Having just come from the non-profit world, Perkins is constantly thinking about giving back to the community. She makes donations to non-profits, including Planned Parenthood and the Gay Straight Alliance at the nearby Crockett High School. "It's hard to sustain but it's an important part of what we're doing."
In her little corner of the parking lot in front, she's hosting some outdoor events that will eventually move indoors once COVID-19 subsides, where the rolling bookshelves can make way for chairs. Her neighbors at Captain Quackenbush's Coffeehouse next door have brought her pie, and Austin author Lauren Hough is hosting a presentation there on Friday night.
Customers can also rent out the space for a private shopping session or a date night, including cheese, wine and charcuterie.
Perkins says that hers is one of many indie bookstores that have opened during the pandemic, which from a commercial perspective seems counter-intuitive.
But when thinking from the point of view of what's best for the community, it's exactly what we needed.
Addie Broyles is a longtime food writer, who wrote for the Austin American-Statesman for 13 years. This piece was published in her weekly newsletter, "The Feminist Kitchen," where she shares stories about parenthood, grief, ancestry, self-healing and creativity. Check it out here.
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Editor's note: Addie Broyles is a longtime food writer, who wrote for the Austin American-Statesman for 13 years. This piece was published in her weekly newsletter, "The Feminist Kitchen," where she shares stories about parenthood, grief, ancestry, self healing and creativity. Check it out here.
You know Bruce McCandless' most famous moment, but you probably don't know his name.
McCandless is the astronaut who, in 1984, became the first untethered astronaut in space. He's the guy on those posters, mugs, shirts and everything else NASA could sell with the image of his "leisurely waltz with eternity," as his son calls it in his new book, "Wonders All Around: The Incredible True Story of Astronaut Bruce McCandless II and the First Untethered Flight in Space."
'Wonders All Around' is a new book by Austinite Bruce McCandless III about his dad, the astronaut Bruce McCandless II. (Bruce McCandless III)
I met McCandless III, who lives in Austin with his wife Pati, for a coffee a few months ago, thanks to the introduction from a mutual friend. As we talked about losing our dads, being writers and parents and living in Austin while still dealing with COVID, his dad's famous flight didn't come up, but the process of writing such an epic biography of a complex, only recently passed man was something worth unpacking over coffee.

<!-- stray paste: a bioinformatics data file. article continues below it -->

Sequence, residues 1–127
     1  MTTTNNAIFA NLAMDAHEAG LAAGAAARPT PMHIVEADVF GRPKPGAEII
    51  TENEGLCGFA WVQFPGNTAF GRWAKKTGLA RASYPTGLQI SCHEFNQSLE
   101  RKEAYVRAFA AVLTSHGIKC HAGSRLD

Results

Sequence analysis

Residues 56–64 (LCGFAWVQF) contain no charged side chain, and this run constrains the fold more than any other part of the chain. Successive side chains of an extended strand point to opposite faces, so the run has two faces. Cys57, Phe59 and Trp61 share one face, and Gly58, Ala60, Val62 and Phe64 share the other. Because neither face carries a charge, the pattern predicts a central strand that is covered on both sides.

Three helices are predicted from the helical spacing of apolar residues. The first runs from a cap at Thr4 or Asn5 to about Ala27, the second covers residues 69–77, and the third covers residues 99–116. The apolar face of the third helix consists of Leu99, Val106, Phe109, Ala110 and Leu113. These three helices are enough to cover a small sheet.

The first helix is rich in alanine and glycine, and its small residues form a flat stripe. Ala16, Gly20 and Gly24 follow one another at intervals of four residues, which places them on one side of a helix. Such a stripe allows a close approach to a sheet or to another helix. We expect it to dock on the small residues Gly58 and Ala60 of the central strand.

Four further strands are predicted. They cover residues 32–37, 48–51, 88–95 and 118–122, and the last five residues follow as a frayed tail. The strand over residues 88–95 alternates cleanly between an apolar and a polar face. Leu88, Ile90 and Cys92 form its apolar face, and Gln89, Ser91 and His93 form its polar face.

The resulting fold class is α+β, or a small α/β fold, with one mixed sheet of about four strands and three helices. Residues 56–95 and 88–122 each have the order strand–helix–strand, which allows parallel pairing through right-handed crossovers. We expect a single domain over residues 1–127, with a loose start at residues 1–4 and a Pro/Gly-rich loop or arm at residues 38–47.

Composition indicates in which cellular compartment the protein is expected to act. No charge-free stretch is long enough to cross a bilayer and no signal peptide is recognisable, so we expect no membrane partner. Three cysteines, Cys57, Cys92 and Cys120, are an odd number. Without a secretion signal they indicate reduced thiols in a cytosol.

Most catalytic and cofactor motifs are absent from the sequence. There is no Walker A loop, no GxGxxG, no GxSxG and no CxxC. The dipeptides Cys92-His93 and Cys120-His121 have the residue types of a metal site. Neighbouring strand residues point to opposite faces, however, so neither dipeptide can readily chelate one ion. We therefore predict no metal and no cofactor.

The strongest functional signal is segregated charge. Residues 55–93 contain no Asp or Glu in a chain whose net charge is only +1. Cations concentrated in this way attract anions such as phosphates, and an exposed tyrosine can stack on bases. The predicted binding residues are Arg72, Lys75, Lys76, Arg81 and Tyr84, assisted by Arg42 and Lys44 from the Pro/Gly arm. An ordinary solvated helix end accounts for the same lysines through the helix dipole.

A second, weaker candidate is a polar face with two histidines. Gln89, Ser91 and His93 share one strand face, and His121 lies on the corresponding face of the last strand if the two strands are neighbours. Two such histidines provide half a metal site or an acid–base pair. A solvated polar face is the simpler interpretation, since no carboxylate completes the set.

I hadn't read the book yet, but over the next few weeks, I got to know the McCandless family in such a sweet way that I wanted to write a little about the book here to perhaps inspire you to seek out a copy of "Wonders All Around."
As much as this is a book about space, it's also a book about grief. And persistence. And stoicism. And masculinity and maternality.
The elder McCandless died in 2017, just a few years after losing his wife, Bernice, to cancer.
This passing of the torch from father to son left the younger McCandless inspired to take on this decades-long narrative. McCandless III sets the tone for the book with a memory of the family sitting around the dinner table at their home outside Johnson Space Center near Houston in the mid 1970s, when his dad, who joined NASA in 1966 at the age of 28, wasn't sure he'd ever actually make it to space.
"Our dinners were somber affairs. We ate around a rectangular Formica table in the breakfast nook. Tracy and I sat on benches padded with orange vinyl cushions. Mom and Dad occupied faux-Spanish style chairs with green felt upholstery. Despite the informal, Howard Johnson's-at-the-airport feel of the furnishings, there was a tension in the air that set in right around the time the frozen string beans started steaming. I had the feeling that my sister and I had forgotten to do something important, though I couldn't figure out what it was, or that judgment had been rendered on us and we'd been found guilty of … something — again, it was unclear what. Horseplay was prohibited. The TV and all sources of music or other frivolity were turned off, and singing was strictly forbidden. The only sound came from the aquarium pump. My father had a 100-gallon tank along the wall behind his chair. Sometimes the big plecostomus would attach itself by its mouth to the glass facing us, and I imagined it sucking all the oxygen out of the room."